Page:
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things that just are

Monday, June 20, 2005

Hot Potatoes

From the WSJ Evening Wrap:
It has been fairly common in recent years to see protests against epithets and stereotypes that are harmful to various groups of people. But the world may be entering a new era of political correctness when such protests are made in the name of vegetables, which are presumably incapable of taking offense at much of anything. The British Potato Council may have ushered in that era by rallying at the U.K. Parliament against the use of the term "couch potato." Specifically, the group wants the term removed from the Oxford English Dictionary, where it's defined as "a person who spends leisure time passively or idly sitting around, especially watching television or video tapes." "The potato industry are fed up with the disservice that 'couch potato' does to our product when we have an inherently healthy product," Kathryn Race, head of marketing at the British Potato Council, told the AP.

Thursday, June 02, 2005

Welcome to New Jersey

From the WSJ Evening Wrap:
As if travelers didn't already have enough reasons to be excited about venturing into New Jersey, drivers crossing the Delaware Memorial Bridge into the Garden State will be greeted by a billboard reading, in red capital letters: "Welcome to New Jersey: A horrible place to do business." The billboard is the work of Mount Laurel-based developer William Juliano, embroiled in a long-running dispute with the state's Department of Environmental Protection. Mr. Juliano owns the billboard and says it is costing him about $10,000 a month not to rent the billboard to other advertisers. He said he also plans to add two more signs along the New Jersey Turnpike. The state warned it may consider legal action, though it's not certain what it could do, exactly. Meanwhile, state business leaders aren't exactly rushing to Mr. Juliano's defense. An official with the state Chamber of Commerce told the Associated Press, "I would question how many actual CEOs or businesspeople would drive by, see that and say, 'That's it, I'm not going to come to New Jersey.'"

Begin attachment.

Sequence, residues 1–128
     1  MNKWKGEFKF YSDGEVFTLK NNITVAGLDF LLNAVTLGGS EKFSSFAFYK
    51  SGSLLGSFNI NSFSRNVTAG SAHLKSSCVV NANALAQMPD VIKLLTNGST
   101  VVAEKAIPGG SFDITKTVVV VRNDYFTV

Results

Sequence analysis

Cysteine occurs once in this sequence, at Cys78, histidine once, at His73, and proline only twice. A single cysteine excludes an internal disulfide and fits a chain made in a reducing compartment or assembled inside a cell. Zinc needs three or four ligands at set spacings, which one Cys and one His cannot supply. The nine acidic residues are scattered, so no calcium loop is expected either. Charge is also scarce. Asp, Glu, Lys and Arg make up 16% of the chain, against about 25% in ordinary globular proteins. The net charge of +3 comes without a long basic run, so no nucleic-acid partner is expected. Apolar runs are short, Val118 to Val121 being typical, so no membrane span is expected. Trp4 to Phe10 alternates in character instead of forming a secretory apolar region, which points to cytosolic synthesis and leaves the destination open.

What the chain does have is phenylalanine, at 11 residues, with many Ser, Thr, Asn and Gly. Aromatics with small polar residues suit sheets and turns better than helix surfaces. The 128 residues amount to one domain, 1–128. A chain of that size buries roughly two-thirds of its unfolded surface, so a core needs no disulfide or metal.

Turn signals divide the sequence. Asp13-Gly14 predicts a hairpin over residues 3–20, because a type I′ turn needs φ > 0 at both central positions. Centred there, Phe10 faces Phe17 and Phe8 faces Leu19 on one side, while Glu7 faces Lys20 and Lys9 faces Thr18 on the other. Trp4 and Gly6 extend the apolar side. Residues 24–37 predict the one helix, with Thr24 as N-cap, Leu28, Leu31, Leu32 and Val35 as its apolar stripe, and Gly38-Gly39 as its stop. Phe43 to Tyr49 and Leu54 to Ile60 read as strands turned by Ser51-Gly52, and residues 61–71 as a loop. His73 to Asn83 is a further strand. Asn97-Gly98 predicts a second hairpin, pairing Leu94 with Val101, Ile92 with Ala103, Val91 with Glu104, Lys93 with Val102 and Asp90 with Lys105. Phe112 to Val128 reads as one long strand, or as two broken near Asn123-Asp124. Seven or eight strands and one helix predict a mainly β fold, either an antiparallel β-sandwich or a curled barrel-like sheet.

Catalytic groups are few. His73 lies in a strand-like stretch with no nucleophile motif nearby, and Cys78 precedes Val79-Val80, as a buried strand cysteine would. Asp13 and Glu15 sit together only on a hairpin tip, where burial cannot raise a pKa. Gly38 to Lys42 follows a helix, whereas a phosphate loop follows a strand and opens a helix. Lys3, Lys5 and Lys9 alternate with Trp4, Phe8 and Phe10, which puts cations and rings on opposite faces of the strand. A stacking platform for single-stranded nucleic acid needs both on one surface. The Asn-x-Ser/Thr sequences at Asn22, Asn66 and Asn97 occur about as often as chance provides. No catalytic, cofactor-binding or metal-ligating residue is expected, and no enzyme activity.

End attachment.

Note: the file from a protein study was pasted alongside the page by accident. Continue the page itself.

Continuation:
Inhale Deeply

From the WSJ Morning Brief:
A Swiss-led research team has produced a potion that, when sniffed, makes people more likely to give their cash to someone to look after, the scientific journal Nature reports. "The team tested their creation on volunteers playing an investment game for real money," Nature says. "When they inhaled the nasal spray, investors were more likely to hand over money to a trustee, knowing that, although they could make a hefty profit, they could also lose everything if the trustee decided not to give any of the money back." The potion's key ingredient is oxytocin, a chemical that is produced naturally in the brain. The theory is that people only decide to trust each other -- when forming a sexual or business relationship, for example -- when the brain's oxytocin production is boosted.

Oxytocin production is triggered by a range of stimuli, including sex and breastfeeding, and it is known to be important in the formation of social ties, such as mating pairs and parent-offspring bonds. Experts think that oxytocin exerts its range of effects by boosting some social behaviors -- it may encourage animals or people to overcome their natural wariness when faced with a risky situation.

15 Yards For UnSportsman-like Conduct

49ers' personal foul: Team's in-house training video includes lesbian porn, racial slurs, barbs at Newsom

From SFGate.com:
It was meant to be funny — but no one is laughing now in the San Francisco 49ers' front office over an in-house training film that featured off- color racial jokes, lesbian porn, a spoof of gay marriage and a trio of buxom, topless blondes frolicking with team public relations director Kirk Reynolds.

The 15-minute video (see it here), some of which was filmed in the City Hall office of Mayor Gavin Newsom — who comes in for a few unsubtle swipes — was intended as a primer on how players should handle the media in diverse San Francisco.

Instead, it's turned into a team embarrassment — with PR man Reynolds looking for another job. Continue the article...